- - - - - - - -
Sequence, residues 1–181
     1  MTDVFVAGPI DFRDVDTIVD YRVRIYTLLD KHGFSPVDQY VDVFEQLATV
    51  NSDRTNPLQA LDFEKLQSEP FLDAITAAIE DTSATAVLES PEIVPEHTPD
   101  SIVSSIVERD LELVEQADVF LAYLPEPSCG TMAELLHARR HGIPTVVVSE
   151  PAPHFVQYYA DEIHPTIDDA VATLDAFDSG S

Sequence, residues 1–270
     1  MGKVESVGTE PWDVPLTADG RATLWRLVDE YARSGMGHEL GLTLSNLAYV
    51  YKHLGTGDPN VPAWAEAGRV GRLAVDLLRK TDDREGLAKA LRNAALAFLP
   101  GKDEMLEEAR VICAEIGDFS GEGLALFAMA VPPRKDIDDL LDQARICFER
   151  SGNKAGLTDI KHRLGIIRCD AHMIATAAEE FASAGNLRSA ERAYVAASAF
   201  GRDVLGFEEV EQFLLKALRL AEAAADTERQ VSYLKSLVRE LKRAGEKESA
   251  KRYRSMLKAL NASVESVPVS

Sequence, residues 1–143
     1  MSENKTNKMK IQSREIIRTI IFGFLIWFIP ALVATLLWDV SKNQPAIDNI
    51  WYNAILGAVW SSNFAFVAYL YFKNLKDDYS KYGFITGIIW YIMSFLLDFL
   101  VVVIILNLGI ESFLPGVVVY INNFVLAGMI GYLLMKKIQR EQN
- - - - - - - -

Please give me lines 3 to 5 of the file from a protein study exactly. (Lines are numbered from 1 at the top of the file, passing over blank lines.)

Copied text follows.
    51  NSDRTNPLQA LDFEKLQSEP FLDAITAAIE DTSATAVLES PEIVPEHTPD
   101  SIVSSIVERD LELVEQADVF LAYLPEPSCG TMAELLHARR HGIPTVVVSE
   151  PAPHFVQYYA DEIHPTIDDA VATLDAFDSG S